*[Fature photo above by ThunderChild tm.]*

The last couple of weeks, in Math Club, we’ve been learning to count. My new set of MathCounts students have never heard of combinatorics, so we started at the very beginning:

- Counting and Probability I by Keone Hon
- Counting and Probability by Jason Batterson

## The Science of Counting

One of my favorite things about coaching MathCounts is that I learn as much as the kids. When I was in school, as far as the curriculum was concerned, discrete math didn’t exist. The first year I coached our math team, I struggled with this topic, but I’ve learned enough over the years to stay at least two steps ahead of my students.

I typed up a one-page summary of the basics for my students:

Counting and probability basics(pdf 57KB)

Permutations, combinations, probability, odds — what’s the difference? This tip sheet gives you just the facts, with an absolute minimum of factorial notation. Mix with plenty of problems to solve, stir well, and discuss.

## For Further Study

In addition to Mr. Hon’s tutorial, we’ll be using several of these online resources from the amazing Art of Problem Solving website:

**Why Discrete Math Is Important**

“Because discrete math does not figure prominently in most states’ middle or high school “high-stakes” progress exams, and because it also does not figure prominently on college-admissions exams such as the SAT, it is often overlooked. However, discrete math has become increasingly important in recent years, for a number of reasons…”

**Counting and Probability Videos**

Explanations and worked problems that go with the AoPS Introduction to Counting & Probability textbook. The videos are grouped by the corresponding chapter of the textbook.

**Correcting for Overcounting**

“Often in counting problems, the most convenient solution is to count too much, and then somehow correct for the overcounting…” From AoPS Introduction to Counting & Probability, chapter 3.

**Probability Using Areas**

“Point C is chosen at random atop a 5 foot by 5 foot square table. A circular disk with a radius of 1 foot is placed on the table with its center directly on point C. What is the probability that the entire disk is on top of the table (i.e. that none of the disk hangs over an edge of the table)?…” From AoPS Introduction to Counting & Probability, chapter 10.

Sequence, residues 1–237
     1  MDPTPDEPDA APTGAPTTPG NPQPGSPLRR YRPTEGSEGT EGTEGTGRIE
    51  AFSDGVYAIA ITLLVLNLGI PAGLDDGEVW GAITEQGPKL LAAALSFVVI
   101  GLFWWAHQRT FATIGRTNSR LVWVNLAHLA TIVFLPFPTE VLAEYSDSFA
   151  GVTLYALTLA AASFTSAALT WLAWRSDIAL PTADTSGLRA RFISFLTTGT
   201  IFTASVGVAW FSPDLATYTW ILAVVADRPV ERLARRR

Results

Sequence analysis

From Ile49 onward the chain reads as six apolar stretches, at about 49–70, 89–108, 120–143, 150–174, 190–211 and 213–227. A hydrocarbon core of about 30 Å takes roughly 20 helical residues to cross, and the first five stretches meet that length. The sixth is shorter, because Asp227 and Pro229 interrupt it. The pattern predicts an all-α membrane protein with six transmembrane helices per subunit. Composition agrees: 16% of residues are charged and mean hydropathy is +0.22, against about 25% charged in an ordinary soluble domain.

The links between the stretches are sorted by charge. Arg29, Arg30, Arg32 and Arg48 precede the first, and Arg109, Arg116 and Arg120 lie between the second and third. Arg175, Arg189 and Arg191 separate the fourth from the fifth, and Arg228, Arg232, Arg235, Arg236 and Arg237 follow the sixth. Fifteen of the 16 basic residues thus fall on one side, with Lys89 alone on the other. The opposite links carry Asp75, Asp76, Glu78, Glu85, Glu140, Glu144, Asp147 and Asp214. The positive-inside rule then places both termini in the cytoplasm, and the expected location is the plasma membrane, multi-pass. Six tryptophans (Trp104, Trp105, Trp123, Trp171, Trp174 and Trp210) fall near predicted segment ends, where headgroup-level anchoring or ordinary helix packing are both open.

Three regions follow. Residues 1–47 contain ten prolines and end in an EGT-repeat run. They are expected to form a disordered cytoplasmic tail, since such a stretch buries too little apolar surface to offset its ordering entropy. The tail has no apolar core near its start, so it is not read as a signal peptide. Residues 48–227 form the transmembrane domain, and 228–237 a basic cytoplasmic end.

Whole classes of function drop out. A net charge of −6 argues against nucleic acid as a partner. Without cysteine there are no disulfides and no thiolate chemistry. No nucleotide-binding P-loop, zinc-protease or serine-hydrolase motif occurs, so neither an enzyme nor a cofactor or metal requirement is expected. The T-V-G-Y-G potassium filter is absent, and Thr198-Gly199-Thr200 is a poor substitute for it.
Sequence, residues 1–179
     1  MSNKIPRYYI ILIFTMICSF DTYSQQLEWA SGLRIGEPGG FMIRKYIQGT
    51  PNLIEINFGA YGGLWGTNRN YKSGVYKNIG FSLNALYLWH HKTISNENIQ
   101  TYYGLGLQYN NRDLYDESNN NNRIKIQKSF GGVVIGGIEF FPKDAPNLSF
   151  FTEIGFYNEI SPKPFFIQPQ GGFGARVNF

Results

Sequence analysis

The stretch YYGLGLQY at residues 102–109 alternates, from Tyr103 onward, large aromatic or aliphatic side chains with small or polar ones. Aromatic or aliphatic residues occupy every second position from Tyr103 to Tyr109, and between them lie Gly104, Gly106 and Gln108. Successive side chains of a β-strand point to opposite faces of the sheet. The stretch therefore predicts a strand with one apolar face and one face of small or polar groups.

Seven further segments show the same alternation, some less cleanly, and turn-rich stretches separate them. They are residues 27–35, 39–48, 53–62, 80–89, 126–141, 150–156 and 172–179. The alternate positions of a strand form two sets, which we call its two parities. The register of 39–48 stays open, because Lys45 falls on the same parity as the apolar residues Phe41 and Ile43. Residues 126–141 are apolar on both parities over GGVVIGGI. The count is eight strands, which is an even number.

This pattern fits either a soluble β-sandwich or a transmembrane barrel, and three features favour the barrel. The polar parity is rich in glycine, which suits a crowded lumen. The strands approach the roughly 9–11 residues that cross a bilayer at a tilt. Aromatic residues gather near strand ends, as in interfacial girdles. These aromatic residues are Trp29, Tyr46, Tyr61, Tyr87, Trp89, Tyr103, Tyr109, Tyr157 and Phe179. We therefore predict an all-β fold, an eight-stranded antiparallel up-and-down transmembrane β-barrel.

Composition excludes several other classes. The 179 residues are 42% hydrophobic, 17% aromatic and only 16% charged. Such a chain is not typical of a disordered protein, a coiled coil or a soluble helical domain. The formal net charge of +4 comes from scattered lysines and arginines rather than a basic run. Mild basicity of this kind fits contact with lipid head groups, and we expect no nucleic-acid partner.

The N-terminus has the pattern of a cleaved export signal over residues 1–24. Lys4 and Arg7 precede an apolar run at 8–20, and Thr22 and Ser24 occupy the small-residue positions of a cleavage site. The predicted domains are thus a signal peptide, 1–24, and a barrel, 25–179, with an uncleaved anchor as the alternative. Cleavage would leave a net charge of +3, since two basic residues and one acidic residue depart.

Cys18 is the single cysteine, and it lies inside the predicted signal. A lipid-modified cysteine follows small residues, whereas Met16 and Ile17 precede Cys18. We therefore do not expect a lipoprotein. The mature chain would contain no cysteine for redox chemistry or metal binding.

**Constructive Counting and 1-1 Correspondences**

“The basic idea is that in order to count the number of a items in a certain set, we think about how we would construct an item belonging to that set. During the construction, we keep track of the number of choices that we have at each step…” From AoPS Intermediate Counting & Probability, chapter 4.

**Three Types of Probability**

“If you think about it, labels are a big key to the way we organize ideas… In short, labels help us organize — and organization simplifies problem solving! This article seeks to demonstrate the power of intelligent classification using types of probability as an example…”

**Counting in the Twilight Zone**

“In this chapter we will look at counting methods which go far beyond common sense, and thus allow the counting of far more interesting things…” From The Art of Problem Solving, Volume 2: and Beyond, chapter 17.

## More Counting Links

Here are two more websites with links to tutorials and puzzles:

what a really great post! my girl is not quite 3, but i was never very good at math (or so i was led to believe) and i’m trying to get a few steps ahead of her. she already adds and subtracts her stuffed animals just for fun and i want to do whatever i can to make sure math continues to be fun for her.

i don’t usually comment, but i always enjoy your blog.

Wow! If this post is only a few steps ahead of your 3yo, I’m impressed. Have you explored the Hoagies site? Lots of great info and links there.

Congratulations, your post will be featured in the October 22nd edition of the Carnival of Education. You can view that carnival here when the link goes live on 10/22.

Good post.

hi denise – i haven’t sean the hoagies site, but i’m for sure going there now. 🙂 thanks!

This may or may not be directly related to this blog article but a colleague of mine recently wrote an article on clickandclimb.com blogs about importance of math in different careers.

Parents and teachers are constantly bombarded with this question from students- Why is math important and when will we ever use it. This article highlights some of those points hoping that it will make sense to parents and students and teachers. You can find the article here